The Shed (Blu-ray Review)

Stan and his best friend Dommer have put up with bullies their entire lives. All of that changes when Stan discovers he has a murderous vampire living in his shed. Seeing the bloodshed and destruction the monster is capable of, Stan knows he has to find a way to destroy it. But Dommer has a much more sinister plan in mind. RLJE Films, a business unit of AMC Networks, will release THE SHED on January 7, 2020 on DVD and Blu-ray.  Written and Directed by Frank Sabatella (Blood Night), the film stars Jay Jay Warren (“Bosch”), Cody Kostro (“City on a Hill”), Sofia Happonen (Woman of a Certain Age), Frank Whaley (Pulp Fiction), Siobhan Fallon Hogan (Men in Black) and Timothy Bottoms (The Last Picture Show).



Stan (Jay Jay Warren) and Dommer (Cody Kostro) are best friends, who are being bullied at school. Stan lives with his abusive grandfather and Dommer is taking a beating or two from the bullies at school. Both dream of leaving the small town they’re in for greener pastures. Stan wouldn’t mind leaving town with the lovely Roxy (Sofia Happonen), as well. What these three don’t know is that there’s a bloodthirsty creature in the backyard shed at Stan’s grandpa’s house…

The Shed is the latest vampire horror film with one of the better premises out there. You have a vampire that has taken refuge in a shed, so it can’t come out in the day time but chooses not to leave at night when the coast is clear. I say that last bit with a bit of sarcasm, because as much as I wanted to like The Shed, it fell flat for the most part. There are quite a few continuity issues that bugged me and some logistic plot-points that fell flat. Yes, I know this is a low-budget horror film, but still. What I really did not like was the hammyness of the “adult” cast. Whenever they had scenes of dialogue their line readings were awful or just beyond exaggerated. All authority figures outside of Frank Whaley’s character were caricatures.

As I mentioned before, the premise is awesome. The Shed proudly wears its inspirations on its sleeve. There are various homages to Fright Night, From Dusk till Dawn, and John Carpenter’s Vampires on display. Those gags worked great for the most part, while falling flat in only a handful of scenes, mainly in the final act. The issue is that outside of the horror aspect, the film just isn’t that good. Frank Whaley has no lines whatsoever, yet he plays one of the most important roles in the film. I would say that newcomer Sofia Happonen fairs much better as our lead female character – she was pretty cool.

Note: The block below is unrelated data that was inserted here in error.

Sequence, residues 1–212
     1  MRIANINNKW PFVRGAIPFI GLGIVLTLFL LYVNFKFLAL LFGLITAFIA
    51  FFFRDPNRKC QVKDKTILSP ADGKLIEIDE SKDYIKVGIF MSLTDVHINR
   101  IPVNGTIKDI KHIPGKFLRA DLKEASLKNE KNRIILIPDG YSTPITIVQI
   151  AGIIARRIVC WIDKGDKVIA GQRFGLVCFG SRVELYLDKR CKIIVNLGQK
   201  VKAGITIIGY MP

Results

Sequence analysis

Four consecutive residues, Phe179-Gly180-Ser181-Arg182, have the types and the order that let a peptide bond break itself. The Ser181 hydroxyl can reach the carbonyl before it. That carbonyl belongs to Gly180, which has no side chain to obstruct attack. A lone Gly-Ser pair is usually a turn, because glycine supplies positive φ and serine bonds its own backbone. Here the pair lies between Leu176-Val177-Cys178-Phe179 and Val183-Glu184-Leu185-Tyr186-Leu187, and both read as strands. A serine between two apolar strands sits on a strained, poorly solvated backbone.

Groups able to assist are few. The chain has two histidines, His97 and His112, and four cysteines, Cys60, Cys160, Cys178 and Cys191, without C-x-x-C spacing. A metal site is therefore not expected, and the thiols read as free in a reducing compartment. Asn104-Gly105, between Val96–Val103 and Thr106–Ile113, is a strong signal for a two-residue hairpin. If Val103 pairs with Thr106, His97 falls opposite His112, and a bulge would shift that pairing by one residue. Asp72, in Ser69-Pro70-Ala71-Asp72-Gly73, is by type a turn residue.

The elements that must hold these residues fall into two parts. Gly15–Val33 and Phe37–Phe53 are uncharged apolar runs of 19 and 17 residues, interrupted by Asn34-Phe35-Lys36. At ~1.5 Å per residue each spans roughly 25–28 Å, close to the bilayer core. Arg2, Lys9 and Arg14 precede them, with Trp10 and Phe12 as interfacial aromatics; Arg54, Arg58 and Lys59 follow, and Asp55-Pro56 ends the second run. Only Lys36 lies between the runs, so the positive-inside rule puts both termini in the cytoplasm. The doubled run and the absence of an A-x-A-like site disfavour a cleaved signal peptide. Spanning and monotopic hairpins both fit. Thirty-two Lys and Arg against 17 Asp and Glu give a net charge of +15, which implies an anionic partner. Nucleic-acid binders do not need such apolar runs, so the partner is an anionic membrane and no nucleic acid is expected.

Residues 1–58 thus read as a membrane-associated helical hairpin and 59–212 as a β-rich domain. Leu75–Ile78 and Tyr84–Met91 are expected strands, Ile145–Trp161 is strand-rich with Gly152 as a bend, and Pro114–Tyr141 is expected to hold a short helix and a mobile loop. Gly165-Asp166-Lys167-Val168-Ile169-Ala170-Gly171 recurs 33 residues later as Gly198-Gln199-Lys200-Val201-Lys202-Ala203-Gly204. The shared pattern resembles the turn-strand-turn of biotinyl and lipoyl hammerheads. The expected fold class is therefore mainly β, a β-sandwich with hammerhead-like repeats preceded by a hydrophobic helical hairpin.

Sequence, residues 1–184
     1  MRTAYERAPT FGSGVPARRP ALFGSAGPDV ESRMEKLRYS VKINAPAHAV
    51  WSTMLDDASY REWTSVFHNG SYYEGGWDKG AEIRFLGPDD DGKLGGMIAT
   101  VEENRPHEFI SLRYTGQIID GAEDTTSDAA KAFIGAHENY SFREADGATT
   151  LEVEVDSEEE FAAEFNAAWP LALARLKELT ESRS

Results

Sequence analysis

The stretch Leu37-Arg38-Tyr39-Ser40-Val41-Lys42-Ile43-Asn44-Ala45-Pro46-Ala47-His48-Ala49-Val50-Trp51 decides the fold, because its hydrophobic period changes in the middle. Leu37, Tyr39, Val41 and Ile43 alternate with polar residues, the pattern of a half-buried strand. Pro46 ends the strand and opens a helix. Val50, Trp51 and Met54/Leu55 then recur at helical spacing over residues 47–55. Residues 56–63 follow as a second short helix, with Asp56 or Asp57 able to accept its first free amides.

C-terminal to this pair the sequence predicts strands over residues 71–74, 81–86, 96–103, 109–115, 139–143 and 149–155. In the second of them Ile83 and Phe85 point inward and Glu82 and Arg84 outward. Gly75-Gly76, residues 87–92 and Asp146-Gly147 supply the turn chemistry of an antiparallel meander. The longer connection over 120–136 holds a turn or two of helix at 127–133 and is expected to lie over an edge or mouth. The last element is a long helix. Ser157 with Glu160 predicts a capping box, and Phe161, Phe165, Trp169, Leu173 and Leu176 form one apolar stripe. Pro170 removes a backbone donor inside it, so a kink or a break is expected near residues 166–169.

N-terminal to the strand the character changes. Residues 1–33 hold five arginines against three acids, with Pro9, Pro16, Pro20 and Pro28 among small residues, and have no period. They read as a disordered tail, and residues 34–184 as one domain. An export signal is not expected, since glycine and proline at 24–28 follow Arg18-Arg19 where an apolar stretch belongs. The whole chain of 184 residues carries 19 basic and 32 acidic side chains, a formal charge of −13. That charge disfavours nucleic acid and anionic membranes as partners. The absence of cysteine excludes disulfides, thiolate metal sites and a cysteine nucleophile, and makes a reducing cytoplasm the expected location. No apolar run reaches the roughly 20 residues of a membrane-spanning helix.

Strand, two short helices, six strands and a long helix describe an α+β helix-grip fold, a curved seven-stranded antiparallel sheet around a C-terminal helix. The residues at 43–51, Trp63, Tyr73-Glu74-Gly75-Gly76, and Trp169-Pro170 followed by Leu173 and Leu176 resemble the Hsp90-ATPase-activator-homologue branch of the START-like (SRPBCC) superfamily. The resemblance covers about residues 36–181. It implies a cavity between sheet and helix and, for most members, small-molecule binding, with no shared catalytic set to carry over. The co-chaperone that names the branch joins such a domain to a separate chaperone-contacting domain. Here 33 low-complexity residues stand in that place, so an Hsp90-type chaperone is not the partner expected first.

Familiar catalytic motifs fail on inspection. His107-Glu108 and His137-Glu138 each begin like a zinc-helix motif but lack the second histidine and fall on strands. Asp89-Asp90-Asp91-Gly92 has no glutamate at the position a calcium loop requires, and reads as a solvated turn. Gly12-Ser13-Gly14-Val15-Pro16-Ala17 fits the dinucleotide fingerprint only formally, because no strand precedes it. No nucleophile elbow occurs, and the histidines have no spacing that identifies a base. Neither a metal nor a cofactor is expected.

I don’t think I’m being that harsh on the film – it’s not one of the worst horror films I’ve seen in recent memory, but maybe I got caught up with the genius marketing and novelty of it all? As a dumb creature feature, it certainly works, but don’t go past that. It’s shot well, and the creature effects are nicely done. If you absolutely positively have to watch The Shed then a rental is about as high a recommendation that I can give it.



Encoding: AVC/MPEG-4

Resolution: 1080p

Aspect Ratio: 2.39:1

Clarity/Detail: The Shed betrays its low-budget roots, with this spectacular looking Blu-ray. Contrast and sharpness levels are nice and crisp, with no signs of artificial tweaking or boosting. Edge enhancement is nowhere to be found on this Blu-ray.

Black Levels: There are several scenes taking place at night and in dark interiors. All of those scenes look great, as there are no instances of crush. Black levels remain deep and inky.

Color Reproduction: The color palette is rich and lush. Our main cast may live in a small town but they have nice greenery all over. None of the color bleeds through and banding issues were not detected.

Flesh Tones: Everyone has perfect skin even if they’re supposed to be high school students.

Noise/Artifacts: Zilch, zip, and nada.



Audio Format(s): English DTS-HD Master Audio 5.1

Subtitles: English SDH, French, Spanish

Dynamics: RLJE seems to always come through with this spectacular video, and now, audio lossless track. The Shed sounds great on Blu-ray.

Low Frequency Extension: The LFE channel definitely rumbles with the best of them. The low-end bass levels are exquisite on this Blu-ray release.

Surround Sound Presentation: There are many scenes involving some very subtle and aggressive sound design that fills the rear soundscape. The opening prologue is one of the best parts of the film, and the way it was filmed, takes advantage of those rear surround speakers.

Dialogue Reproduction: The cheesy dialogue rings through in great detail.






The Shed is a simple time-waster – it’s not the worst vampire horror film I’ve ever seen, nor is it the best. It has a fun and spectacular premise but the questionable tone and acting from some of the actors lower the bar. The creature/gore, production design, and Blu-ray specs elevate the overall rating of the film substantially. Some extras would have been nice, as well. As it stands, The Shed is not very good, but the Blu-ray, on video and audio specs alone, is top-notch.


The Shed is released on Blu-ray

& DVD January 7, 2020!






Gerard Iribe is a writer/reviewer for Why So Blu?. He has also reviewed for other sites like DVD Talk, Project-Blu, and CHUD, but Why So Blu? is where the heart is. You can follow his incoherency on Twitter: @giribe

  1. No Comments